Results: 144 children and adolescents (median age 8 years, range 0.7-17; 103 females) with NMDAR encephalitis (n=39), opsoclonus myoclonus ataxia syndrome (n=32), neuromyelitis optica spectrum disorders (n=20), neuropsychiatric systemic lupus erythematosus (n=18), and other neuro-inflammatory disorders (n=35) were studied at onset of neurological disease. Rituximab was given after a median duration of disease of 0.5 years (range 0.05-9.5 years). Infusion adverse events were recorded in 18/144 (12.5%) including Grade 4 (anaphylaxis) in three. 11 patients (7.6%) had an infectious adverse event (AE), including two with Grade 5 (death) and two with Grade 4 (disabling) infectious AE (median follow-up of 1.65 years (range 0.1-8.5). No patients developed progressive multifocal leukoencephalopathy. A definite, probable or possible benefit was reported in 125 of 144 (87%) patients. 17.4% of patients had a modified Rankin scale (mRS) of 0-2 at rituximab initiation, compared to 73.9% at outcome. The change in mRS 0-2 was greater in patients given rituximab early in their disease course compared to those treated later.
Conclusion: While limited by the retrospective nature of this analysis, our data supports an off-label use of rituximab, although the significant risk of infectious complications suggests rituximab should be restricted to disorders with significant morbidity and mortality.
Classification of Evidence: This study provides Class IV evidence that in paediatric autoimmune and inflammatory CNS disorders, rituximab improves neurologic outcomes with a 7.6% risk of adverse infections.
[Show abstract][Hide abstract] ABSTRACT: BACKGROUND
Intensity variation between magnetic resonance images (MRI) hinders comparison of tissue intensity distributions in multicenter MRI studies of brain diseases. The available intensity normalization techniques generally work well in healthy subjects but not in the presence of pathologies that affect tissue intensity. One such disease is multiple sclerosis (MS), which is associated with lesions that prominently affect white matter (WM). OBJECTIVE
To develop a T1-weighted (T1w) image intensity normalization method that is independent of WM intensity, and to quantitatively evaluate its performance. METHODS AND SUBJECTSWe calculated median intensity of grey matter and intraconal orbital fat on T1w images. Using these two reference tissue intensities we calculated a linear normalization function and applied this to the T1w images to produce normalized T1w (NT1) images. We assessed performance of our normalization method for interscanner, interprotocol, and longitudinal normalization variability, and calculated the utility of the normalization method for lesion analyses in clinical trials. RESULTSStatistical modeling showed marked decreases in T1w intensity differences after normalization (P < .0001). CONCLUSIONS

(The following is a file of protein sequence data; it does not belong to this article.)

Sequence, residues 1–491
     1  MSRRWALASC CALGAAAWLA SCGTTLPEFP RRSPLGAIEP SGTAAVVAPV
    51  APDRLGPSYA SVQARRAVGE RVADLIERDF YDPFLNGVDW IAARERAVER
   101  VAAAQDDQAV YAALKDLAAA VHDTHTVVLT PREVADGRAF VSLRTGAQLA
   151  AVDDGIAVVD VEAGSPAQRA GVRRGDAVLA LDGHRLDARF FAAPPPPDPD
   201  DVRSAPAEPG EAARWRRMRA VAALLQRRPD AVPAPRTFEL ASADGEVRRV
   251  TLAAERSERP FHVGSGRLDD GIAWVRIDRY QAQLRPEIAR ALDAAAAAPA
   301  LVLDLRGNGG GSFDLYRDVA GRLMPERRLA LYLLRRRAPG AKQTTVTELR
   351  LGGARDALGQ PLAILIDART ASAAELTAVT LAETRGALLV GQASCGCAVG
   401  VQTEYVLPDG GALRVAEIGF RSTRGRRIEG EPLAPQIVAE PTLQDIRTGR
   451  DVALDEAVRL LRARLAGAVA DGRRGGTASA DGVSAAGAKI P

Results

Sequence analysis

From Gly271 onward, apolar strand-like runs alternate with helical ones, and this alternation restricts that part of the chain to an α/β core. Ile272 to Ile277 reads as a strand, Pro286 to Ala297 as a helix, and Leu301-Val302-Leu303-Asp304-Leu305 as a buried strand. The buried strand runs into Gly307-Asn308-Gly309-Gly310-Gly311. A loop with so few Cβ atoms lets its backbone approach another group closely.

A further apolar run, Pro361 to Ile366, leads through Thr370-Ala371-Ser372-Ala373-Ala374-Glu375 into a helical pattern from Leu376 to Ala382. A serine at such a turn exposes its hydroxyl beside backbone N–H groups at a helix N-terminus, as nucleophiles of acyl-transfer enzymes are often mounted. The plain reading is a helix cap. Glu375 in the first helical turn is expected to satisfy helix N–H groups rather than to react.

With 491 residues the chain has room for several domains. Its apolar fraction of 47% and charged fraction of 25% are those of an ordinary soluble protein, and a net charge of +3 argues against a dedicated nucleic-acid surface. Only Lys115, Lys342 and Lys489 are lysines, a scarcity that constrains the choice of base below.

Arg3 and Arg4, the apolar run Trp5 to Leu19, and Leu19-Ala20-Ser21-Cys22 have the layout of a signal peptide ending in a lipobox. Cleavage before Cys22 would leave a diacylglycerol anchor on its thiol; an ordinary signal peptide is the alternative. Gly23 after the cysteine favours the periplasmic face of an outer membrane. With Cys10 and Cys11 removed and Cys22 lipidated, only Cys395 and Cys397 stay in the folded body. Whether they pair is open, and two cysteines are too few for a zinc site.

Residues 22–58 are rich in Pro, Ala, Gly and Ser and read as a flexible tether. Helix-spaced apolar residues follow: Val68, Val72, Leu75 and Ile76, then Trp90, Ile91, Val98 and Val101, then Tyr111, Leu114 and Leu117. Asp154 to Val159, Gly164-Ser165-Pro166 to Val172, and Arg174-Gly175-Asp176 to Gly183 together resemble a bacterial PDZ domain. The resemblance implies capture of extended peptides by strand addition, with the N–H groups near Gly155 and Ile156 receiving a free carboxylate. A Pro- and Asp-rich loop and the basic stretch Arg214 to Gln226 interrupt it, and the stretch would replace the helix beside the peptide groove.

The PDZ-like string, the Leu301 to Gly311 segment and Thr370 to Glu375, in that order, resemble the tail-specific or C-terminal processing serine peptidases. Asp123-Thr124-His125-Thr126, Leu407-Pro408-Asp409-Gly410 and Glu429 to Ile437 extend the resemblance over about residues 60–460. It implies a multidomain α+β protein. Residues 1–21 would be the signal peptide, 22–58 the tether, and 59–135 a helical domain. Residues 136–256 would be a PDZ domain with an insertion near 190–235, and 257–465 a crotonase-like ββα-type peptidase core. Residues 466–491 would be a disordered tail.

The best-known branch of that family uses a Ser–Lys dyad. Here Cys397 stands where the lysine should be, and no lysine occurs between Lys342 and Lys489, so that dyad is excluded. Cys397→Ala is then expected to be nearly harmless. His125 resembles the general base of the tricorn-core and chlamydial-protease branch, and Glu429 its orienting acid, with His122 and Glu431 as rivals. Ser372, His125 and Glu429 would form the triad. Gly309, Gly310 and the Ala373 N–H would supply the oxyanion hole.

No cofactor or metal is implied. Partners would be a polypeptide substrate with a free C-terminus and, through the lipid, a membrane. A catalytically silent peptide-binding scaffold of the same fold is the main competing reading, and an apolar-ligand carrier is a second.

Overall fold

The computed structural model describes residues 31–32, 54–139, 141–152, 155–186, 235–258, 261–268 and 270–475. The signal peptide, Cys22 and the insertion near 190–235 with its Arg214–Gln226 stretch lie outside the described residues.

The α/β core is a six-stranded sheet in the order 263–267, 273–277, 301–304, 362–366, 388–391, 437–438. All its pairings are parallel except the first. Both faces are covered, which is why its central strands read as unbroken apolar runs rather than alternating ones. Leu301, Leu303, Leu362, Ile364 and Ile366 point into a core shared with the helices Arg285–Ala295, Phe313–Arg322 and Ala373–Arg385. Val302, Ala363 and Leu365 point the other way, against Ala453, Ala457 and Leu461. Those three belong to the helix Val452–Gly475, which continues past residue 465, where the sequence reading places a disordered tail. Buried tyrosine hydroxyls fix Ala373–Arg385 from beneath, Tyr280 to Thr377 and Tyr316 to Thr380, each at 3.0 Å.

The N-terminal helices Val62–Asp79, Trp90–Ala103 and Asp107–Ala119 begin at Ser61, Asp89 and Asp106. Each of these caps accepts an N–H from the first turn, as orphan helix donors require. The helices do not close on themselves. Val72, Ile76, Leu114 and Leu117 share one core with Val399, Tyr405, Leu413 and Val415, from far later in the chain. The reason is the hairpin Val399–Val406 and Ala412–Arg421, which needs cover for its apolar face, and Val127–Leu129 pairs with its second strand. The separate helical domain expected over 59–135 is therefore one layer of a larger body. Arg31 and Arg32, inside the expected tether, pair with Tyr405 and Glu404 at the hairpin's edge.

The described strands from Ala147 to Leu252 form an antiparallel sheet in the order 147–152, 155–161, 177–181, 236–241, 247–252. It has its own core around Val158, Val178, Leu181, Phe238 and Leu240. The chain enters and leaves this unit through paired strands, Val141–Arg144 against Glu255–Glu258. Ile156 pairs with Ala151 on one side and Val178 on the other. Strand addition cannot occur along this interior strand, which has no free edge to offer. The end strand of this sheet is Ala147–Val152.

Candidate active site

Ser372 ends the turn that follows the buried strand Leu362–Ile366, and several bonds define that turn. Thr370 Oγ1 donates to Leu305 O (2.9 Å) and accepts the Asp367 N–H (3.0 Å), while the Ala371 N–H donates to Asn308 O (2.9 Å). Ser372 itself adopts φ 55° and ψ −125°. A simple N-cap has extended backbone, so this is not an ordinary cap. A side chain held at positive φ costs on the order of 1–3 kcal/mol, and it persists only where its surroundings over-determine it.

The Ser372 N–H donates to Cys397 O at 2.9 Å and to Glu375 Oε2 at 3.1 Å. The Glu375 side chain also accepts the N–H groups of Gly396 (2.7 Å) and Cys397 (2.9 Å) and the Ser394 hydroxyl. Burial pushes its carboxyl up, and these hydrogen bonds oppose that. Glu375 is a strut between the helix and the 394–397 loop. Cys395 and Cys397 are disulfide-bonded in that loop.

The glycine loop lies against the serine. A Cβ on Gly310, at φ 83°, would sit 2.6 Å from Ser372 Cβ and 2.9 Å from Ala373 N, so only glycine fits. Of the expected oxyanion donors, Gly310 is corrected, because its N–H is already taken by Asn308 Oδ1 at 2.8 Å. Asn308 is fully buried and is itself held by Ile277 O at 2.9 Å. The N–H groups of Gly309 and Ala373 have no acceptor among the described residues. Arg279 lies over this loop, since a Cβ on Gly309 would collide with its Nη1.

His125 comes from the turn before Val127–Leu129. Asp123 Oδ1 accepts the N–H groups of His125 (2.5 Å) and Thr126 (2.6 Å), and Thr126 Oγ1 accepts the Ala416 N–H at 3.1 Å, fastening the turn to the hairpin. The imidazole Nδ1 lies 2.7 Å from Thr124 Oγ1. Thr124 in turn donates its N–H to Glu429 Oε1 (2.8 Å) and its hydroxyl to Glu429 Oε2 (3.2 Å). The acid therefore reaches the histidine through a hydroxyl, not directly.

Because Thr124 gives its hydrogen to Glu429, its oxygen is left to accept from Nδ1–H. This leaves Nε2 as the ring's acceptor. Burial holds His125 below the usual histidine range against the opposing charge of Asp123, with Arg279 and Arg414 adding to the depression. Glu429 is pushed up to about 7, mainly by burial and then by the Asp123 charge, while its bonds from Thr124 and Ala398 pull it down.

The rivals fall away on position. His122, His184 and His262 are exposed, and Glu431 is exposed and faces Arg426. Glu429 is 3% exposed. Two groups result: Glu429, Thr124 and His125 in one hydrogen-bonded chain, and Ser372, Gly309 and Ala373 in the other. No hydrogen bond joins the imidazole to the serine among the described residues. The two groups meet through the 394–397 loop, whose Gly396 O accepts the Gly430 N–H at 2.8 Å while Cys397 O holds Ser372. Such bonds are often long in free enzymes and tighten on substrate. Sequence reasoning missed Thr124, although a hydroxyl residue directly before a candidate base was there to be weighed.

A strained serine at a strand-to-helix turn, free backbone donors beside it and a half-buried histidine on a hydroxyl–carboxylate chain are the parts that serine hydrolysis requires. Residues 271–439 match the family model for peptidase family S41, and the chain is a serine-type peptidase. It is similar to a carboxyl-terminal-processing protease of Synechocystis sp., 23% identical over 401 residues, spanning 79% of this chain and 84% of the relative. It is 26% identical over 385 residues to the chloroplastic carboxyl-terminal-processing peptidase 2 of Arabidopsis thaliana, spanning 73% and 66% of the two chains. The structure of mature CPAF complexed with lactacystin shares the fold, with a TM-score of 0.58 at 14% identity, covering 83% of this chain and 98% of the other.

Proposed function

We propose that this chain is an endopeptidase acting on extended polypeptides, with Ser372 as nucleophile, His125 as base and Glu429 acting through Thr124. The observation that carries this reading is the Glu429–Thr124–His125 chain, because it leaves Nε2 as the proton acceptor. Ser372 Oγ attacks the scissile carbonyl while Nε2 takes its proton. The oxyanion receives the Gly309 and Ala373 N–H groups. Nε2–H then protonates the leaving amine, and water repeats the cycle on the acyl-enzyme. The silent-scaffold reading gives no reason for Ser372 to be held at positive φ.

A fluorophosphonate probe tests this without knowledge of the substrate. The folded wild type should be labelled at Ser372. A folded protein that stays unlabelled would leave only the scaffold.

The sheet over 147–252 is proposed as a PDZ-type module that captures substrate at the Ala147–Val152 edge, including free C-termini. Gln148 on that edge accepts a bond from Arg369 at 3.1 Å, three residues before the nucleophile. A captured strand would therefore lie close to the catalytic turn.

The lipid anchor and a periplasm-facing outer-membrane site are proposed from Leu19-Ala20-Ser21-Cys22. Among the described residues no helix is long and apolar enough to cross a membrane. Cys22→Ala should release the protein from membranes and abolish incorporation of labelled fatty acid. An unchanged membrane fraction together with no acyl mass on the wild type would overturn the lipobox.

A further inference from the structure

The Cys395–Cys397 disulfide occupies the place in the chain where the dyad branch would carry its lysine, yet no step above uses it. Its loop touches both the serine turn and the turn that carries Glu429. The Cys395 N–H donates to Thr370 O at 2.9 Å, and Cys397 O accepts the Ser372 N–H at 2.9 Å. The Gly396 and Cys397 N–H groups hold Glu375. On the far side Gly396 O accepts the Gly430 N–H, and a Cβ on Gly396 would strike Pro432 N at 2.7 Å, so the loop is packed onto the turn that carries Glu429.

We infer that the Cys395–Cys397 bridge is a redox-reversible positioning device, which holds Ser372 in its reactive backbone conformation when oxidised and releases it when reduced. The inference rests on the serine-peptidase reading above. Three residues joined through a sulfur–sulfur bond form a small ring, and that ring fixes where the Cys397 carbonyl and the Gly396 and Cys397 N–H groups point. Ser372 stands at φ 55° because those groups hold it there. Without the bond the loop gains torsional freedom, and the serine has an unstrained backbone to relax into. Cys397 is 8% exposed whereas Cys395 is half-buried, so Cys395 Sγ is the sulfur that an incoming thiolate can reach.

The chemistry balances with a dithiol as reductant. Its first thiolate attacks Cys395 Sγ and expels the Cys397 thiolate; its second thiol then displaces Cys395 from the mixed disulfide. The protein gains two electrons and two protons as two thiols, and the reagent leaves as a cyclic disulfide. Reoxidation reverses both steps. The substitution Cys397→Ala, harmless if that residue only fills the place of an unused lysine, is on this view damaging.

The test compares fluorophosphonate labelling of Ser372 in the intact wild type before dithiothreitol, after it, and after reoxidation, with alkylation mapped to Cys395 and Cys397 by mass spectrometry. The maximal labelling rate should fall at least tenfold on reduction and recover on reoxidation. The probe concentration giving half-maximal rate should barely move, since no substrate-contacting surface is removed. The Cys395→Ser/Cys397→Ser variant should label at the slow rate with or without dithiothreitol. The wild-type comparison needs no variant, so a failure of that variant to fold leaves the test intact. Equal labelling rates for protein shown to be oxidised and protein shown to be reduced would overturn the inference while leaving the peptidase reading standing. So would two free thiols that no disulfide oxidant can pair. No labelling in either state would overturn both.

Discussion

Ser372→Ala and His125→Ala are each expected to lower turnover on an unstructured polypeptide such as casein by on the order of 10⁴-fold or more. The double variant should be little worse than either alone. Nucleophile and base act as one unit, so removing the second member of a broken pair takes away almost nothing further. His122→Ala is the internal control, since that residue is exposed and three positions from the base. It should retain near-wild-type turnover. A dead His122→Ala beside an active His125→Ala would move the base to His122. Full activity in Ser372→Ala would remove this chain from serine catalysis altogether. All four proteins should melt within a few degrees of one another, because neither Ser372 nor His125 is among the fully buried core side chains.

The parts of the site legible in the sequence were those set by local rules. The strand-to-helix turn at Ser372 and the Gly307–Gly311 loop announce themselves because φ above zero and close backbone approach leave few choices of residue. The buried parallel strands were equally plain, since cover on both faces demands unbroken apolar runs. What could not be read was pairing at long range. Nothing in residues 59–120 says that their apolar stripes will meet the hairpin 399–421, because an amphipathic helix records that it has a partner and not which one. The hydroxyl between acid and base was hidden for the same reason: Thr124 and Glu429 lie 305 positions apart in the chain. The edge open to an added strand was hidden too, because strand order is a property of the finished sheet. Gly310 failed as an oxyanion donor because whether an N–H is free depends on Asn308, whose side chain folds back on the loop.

We developed a WM-independent T1w MRI normalization method and tested its performance. This method is suitable for longitudinal multicenter clinical studies for the assessment of the recovery or progression of disease affecting WM.
Journal of neuroimaging: official journal of the American Society of Neuroimaging 06/2014; 25(2). DOI:10.1111/jon.12129 · 1.73 Impact Factor
[Show abstract][Hide abstract] ABSTRACT: Accurate clinical course descriptions (phenotypes) of multiple sclerosis (MS) are important for communication, prognostication, design and recruitment of clinical trials, and treatment decision-making. Standardized descriptions published in 1996 based on a survey of international MS experts provided purely clinical phenotypes based on data and consensus at that time, but imaging and biological correlates were lacking. Increased understanding of MS and its pathology, coupled with general concern that the original descriptors may not adequately reflect more recently identified clinical aspects of the disease, prompted a re-examination of MS disease phenotypes by the International Advisory Committee on Clinical Trials of MS. While imaging and biological markers that might provide objective criteria for separating clinical phenotypes are lacking, we propose refined descriptors that include consideration of disease activity (based on clinical relapse rate and imaging findings) and disease progression. Strategies for future research to better define phenotypes are also outlined.
Open access full paper at //www.neurology.org/content/83/3/278.abstract
[Show abstract][Hide abstract] ABSTRACT: Primary human herpesvirus 7 (HHV-7) infection occurs almost universally during the first 5 years of life and is rarely accompanied by central nervous system (CNS) symptoms such as febrile seizures. The present retrospective study investigated the role of primary HHV-7 infection in CNS disease in children, including adolescents.
The study included all children who had neurologic disease aged younger than 18 years seen at the Hospital for Sick Children, Toronto, Canada, between April 1, 1998 and December 31, 2011, whose cerebrospinal fluid (CSF) was found by polymerase chain reaction to contain HHV-7 DNA. Where sera were available, HHV-7 IgG antibody titers and avidity were measured to differentiate primary from past infection.
HHV-7 DNA was detected in the CSF of 57 (1.9%) of the 2972 children tested. In 3 adolescents primary HHV-7 infection (low avidity IgG) was confirmed as the cause of neurologic disease, 2 who had encephalitis and 1 who had Guillain-Barré syndrome. Eighteen children had possible HHV-7 disease (no alternative cause identified and indeterminate antibody result or serum not available), 7 encephalitis, 8 meningitis, and 3 demyelinating disorders. HHV-7 disease was excluded in 36 children on the basis of past infection (high IgG avidity) and/or an alternative cause.
Primary HHV-7 infection delayed into adolescence can cause serious neurologic disease. HHV-7 DNA in CSF alone is insufficient to prove an etiologic association. Combining CSF polymerase chain reaction with serology is essential to prove primary infection when investigating HHV-7 CNS disease.